Brazil: Rio Grande do Sul floods could impact economy and elections


Published on Thursday 16 May 2024 Back to articles

Flooding in Rio Grande do Sul State’s capital of Porto Alegre

Disastrous floods in the southern state of Rio Grande do Sul, (RGS) which left the capital Porto Alegre under water, started in early May, causing numerous deaths, a loss of agricultural production, and severe damage to both rural and urban infrastructure. As of 13 May the authorities reported that 146 people were dead and 132 missing. According to civil defence estimates around 2.1 million people were affected by the flooding in 417 of the state’s 497 towns and cities. Nearly 100,000 homes have been damaged or wrecked and at least 620,000 people have been displaced or rendered homeless. A major search and rescue operation was launched including police and military personnel, along with volunteers. 

Around 71,000 people and 10,000 animals were rescued from the flooded areas, in what has been described as one of Brazil’s worst ever weather-related disasters. The state-level public health system struggled to cope with injured local residents with some being swept away by torrential waters overflowing from local rivers. Guaíba Lake near Porto Alegre, which receives water from five tributaries, broke its banks; and a second flood surge was feared in mid-May. In some areas there have also been spikes in crime with reports of looting and cases of sexual abuse in temporary shelters.

The full economic and political implications are still emerging. Rio Grande do Sul (RGS) is part of Brazil’s relatively wealthy southern region and represents around 6.5% of national GDP. Given its higher per capita GDP and population density compared to other parts of the country, that means that the monetary value of the economic losses is likely to be higher. On the other hand, it may also be that public and private agencies are able to mobilise resources for reconstruction more rapidly than would otherwise be the case. The state government initially estimated recovery costs at BRL18.8 billion (US$3.7 billion). However, President Luiz Inácio Lula da Silva (a.k.a. Lula) announced a much larger BRL50 billion (US$9.8 billion) recovery package which includes: direct aid; spending on infrastructure; and subsidised loans for agricultural and livestock producers. He said further help would also be forthcoming including a postponement of certain types of debt repayments. 

Some analysts believe the RGS floods could provide an ‘inflection point’ in the way that the Brazilian public thinks about climate change. The cause of the flooding has been broadly linked to global warming and, in particular, to a stronger El Niño, which is the cyclical multi-year weather pattern which originates in South America. The local electorate has previously supported climate-change denying politicians. In presidential elections in 2018 and 2022 RGS voted for the far-right Jair Bolsonaro who has opposed environmental protection. Porto Alegre’s mayor Sebastião Melo cut back spending on flood defences to zero last year, and ignored suggestions that the city should plant grasses and mangroves to absorb flood water. Governor Eduardo Leite provided only minimum funding in the state’s 2024 budget for emergency preparedness, evacuation planning, and civil defence.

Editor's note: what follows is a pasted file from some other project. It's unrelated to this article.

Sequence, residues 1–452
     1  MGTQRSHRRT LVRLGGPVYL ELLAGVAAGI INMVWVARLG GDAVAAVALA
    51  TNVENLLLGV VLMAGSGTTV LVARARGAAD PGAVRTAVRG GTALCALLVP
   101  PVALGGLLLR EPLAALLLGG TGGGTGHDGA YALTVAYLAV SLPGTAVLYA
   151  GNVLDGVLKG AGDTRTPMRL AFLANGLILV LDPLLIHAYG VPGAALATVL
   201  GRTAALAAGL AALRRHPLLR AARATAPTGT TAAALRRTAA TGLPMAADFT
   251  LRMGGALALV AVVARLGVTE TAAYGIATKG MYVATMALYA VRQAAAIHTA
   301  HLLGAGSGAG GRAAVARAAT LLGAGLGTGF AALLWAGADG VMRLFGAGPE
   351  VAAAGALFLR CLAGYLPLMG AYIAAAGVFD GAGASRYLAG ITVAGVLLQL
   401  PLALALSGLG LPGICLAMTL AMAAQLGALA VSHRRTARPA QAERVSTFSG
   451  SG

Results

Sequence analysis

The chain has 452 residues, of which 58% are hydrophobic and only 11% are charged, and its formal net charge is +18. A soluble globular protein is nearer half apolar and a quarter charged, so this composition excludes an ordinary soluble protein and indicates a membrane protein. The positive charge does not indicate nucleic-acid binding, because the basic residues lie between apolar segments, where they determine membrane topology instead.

This might suggest that, in the run-up to the October 2024 municipal elections, the floods will hurt the centre-right opposition parties and benefit those on the centre left grouped around President Lula. However, the electorate remains volatile and Lula’s approval ratings remain under pressure. He, as much as the opposition, could be affected by political fall-out as a result of the floods. Flood-induced agricultural and livestock losses could trigger a spike in food prices, impacting the national inflation rate and feeding anti-Lula sentiment. Economic forecasters — using models based on hurricanes Rita (2015) and Katrina (2005) in the US — are suggesting that GDP growth could be up to 0.3 percentage points lower this year because of the floods. Mauricio Santoroa political scientist at Rio de Janeiro State University, says that the floods ‘are going to have a serious impact in terms of inflation, in terms of food prices in Brazil. It is very bad news for the Lula government.’ 

This excerpt is taken from Brazil Focus, our monthly intelligence report on Brazil. Click here to receive a free sample copy.

The May 2024 issue of Brazil Focus also includes the following:


  • Rio Grande do Sul floods could impact economy and elections
  • Indigenous groups losing patience with Lula 
  • Amid controversy, Musk offers free Starlink

Taking the Pulse

  • Focus on the municipal elections

Foreign Relations

  • Lula forms commission to boost South American integration
  • Request for Japan to unblock beef sales 
  • Deal is done on Paraguay’s electricity


  • Court rules on stray bullets
  • Juscelinho Filho faces renewed corruption allegations

Economy & Business

  • Interest rate down by less, as uncertainty edges up
  • Strong labour market helps growth
  • Moody’s improves outlook to ‘positive’
  • OECD raises growth forecast for Brazil
  • Light and shade on the fiscal front
  • Lula offers tax breaks to workers, not corporates
  • Gerdau’s first quarter profits feel the squeeze
  • Cargill reports bumper year in 2023


  • Industrial action hinders work of environmental agencies

Energy Sector

  • Mubadala plans US$13.5 billion biofuels investment
  • Petrobras chief executive is sacked 
  • Oil and gas production on the rise
  • Petrobras assessing wind farm potential

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